I’m not anticipating ridicule or persecution or anything like that, but I think I’m going to need some emotional training to go along with my technical training when I start using this thing. Thus, the mental jui-jitsu referenced in the title…this could get tricky.
I remember when I used to go to the bathroom to take my insulin injections when I was first diagnosed. I remember injecting insulin under the dinner table so no one had to see my insulin pens. I remember going out of my way to make my diabetes comfortable for everyone else to be around instead of putting my health above all. Yes, things will be easier with a pump now that insulin will be a few button presses away, but I’m still anticipating/dreading…dreanticipating? all of the new adjustments I’m going to need to make to my life to get along with this new device.
I’m encouraging everyone who reads a diabetes blog to leave a comment on that post tomorrow. Make it thoughtful, make it silly, or simply make it a “Check!”, but leave a comment.
A lot of the stories you hear among members of the diabetes community follow the template of “I thought I was alone”, and tomorrow’s check-in day is another way to remind each other that we aren’t alone in any of this.
To help find each other, I’m also recommending you share your blog posts on whatever platform(s) you desire with the tag #dblogcheck. Particularly for people using TweetDeck or Hootsuite, this will be especially helpful.
To show my appreciation in advance for your helping grow the diabetes online community, here are some animated gifs to represent the anticipation for tomorrow.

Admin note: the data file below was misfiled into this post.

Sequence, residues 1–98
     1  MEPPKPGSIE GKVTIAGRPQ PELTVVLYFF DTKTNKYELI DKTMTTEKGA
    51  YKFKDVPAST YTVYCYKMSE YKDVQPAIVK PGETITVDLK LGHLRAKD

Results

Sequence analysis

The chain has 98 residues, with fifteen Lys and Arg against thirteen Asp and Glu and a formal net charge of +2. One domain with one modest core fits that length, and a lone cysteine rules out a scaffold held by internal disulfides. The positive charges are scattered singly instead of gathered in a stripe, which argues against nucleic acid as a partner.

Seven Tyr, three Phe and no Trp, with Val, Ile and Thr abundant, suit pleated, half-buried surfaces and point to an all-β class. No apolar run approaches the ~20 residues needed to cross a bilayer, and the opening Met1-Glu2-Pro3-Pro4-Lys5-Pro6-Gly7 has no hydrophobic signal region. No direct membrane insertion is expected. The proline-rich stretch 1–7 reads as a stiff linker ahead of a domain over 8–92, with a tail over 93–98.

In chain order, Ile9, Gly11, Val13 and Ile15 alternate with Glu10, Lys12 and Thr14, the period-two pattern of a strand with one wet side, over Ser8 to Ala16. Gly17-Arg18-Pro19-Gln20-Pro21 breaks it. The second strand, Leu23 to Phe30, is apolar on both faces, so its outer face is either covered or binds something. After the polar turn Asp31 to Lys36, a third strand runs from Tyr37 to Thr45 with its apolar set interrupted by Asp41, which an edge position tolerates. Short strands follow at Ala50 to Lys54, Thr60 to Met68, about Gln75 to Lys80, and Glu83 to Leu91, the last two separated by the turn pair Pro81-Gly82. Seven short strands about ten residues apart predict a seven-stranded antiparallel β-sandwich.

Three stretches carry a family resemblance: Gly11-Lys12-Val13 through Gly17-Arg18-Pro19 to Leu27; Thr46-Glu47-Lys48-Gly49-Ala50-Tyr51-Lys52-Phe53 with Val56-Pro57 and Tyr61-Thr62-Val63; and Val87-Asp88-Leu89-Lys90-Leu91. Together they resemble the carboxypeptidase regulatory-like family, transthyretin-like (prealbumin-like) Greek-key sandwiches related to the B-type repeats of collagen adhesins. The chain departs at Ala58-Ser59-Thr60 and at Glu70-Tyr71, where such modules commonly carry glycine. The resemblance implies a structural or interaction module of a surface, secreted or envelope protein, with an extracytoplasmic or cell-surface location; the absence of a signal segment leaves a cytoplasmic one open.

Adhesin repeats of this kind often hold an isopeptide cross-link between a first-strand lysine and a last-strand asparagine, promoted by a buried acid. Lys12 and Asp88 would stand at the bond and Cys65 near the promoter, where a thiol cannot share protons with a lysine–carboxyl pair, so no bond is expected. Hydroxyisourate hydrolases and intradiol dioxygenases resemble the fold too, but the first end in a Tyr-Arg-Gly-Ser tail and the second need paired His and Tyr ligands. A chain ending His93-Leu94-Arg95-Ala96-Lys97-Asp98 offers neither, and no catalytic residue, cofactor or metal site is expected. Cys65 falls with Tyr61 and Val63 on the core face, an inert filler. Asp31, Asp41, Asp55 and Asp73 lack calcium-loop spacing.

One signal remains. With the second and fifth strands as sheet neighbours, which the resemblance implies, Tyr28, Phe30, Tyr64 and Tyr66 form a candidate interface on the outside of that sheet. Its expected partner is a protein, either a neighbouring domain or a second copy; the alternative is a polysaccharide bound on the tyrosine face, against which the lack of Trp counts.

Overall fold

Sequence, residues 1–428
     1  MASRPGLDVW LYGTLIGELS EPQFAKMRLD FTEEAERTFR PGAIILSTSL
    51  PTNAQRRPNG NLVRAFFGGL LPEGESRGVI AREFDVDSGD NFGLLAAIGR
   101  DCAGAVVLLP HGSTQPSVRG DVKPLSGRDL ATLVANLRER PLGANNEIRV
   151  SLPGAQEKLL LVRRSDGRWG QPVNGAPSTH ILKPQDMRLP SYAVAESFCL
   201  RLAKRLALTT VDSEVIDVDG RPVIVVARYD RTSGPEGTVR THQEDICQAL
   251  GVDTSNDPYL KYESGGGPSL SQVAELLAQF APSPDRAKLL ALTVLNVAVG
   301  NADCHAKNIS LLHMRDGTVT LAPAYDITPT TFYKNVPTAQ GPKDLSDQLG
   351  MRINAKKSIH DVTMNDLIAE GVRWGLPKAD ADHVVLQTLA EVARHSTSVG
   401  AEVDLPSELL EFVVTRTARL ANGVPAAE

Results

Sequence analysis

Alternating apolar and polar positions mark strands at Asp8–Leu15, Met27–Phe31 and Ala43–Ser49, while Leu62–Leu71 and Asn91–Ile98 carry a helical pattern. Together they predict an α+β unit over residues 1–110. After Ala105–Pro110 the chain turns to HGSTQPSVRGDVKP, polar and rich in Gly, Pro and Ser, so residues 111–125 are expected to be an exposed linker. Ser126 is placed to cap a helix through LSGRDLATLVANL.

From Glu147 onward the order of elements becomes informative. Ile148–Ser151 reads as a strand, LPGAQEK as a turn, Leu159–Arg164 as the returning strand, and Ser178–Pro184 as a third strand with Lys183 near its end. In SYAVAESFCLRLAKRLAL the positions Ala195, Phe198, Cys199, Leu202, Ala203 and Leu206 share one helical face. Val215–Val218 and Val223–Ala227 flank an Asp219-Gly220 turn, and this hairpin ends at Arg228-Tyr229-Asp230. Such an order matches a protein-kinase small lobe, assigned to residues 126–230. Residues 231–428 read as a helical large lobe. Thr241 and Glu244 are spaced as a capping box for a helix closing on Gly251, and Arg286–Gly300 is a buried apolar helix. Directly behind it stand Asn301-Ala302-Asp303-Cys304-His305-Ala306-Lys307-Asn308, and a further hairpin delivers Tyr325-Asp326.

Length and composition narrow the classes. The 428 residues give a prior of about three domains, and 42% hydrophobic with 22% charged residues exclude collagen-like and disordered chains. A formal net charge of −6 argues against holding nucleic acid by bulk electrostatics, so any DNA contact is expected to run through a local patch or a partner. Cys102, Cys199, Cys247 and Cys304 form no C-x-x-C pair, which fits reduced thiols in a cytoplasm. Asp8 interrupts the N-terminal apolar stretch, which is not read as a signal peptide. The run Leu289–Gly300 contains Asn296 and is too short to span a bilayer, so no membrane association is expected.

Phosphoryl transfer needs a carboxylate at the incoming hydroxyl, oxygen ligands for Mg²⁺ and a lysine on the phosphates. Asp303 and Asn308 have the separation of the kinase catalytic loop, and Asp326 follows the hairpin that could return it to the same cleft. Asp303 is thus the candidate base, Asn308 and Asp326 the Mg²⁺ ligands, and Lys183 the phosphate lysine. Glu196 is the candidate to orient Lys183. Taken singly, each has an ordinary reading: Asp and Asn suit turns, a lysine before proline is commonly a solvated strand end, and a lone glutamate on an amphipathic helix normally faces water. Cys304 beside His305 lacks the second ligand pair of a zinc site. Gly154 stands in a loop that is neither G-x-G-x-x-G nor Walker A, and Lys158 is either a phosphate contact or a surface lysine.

Next Tuesday (July 22) I’m encouraging everyone to comment on every single blog post they read. Even if it’s just a “Check!”, leave a comment on everything. It may seem like a tough task, but it’s worth it.
For those of you catching up to this whole #dblogcheck thing, here are some posts to provide background on what’s going on.
I still maintain that I don’t need to be the person to direct the mob on this one, but there was enough of a push to gauge interest so here we are.
For those of you new to the fun, I had the idea of a “Check-In Day” last year, and I think it went well. The objective for this was not based in metrics. This isn’t about pageviews, or clicks, or referrals, or anything like that.
I like the idea of a check-in day because it helps remind members of the diabetes community of the size and scope of what all of this is. It’s another way to reaffirm the notion that we aren’t alone. It’s an opportunity to say “Hi. I read this. Thank you.”
And, it’s a great way to connect with people new to the diabetes community and discover blogs new to the Internet.
So what do you think, eager-readers? Is this something you’d be up for? We can set a date later, but if we drum up enough momentum are you game to comment on every single diabetes blog you read for one day?
Remember, a comment can be as simple as writing “Check!” on our day of fun. Sharing posts with #dblogcheck on Twitter, Facebook, Tumblr, Google+, Pinterest? will help everyone find other blogs, too. Yes, it can be a lot of work, but I think it’s worth the time and energy.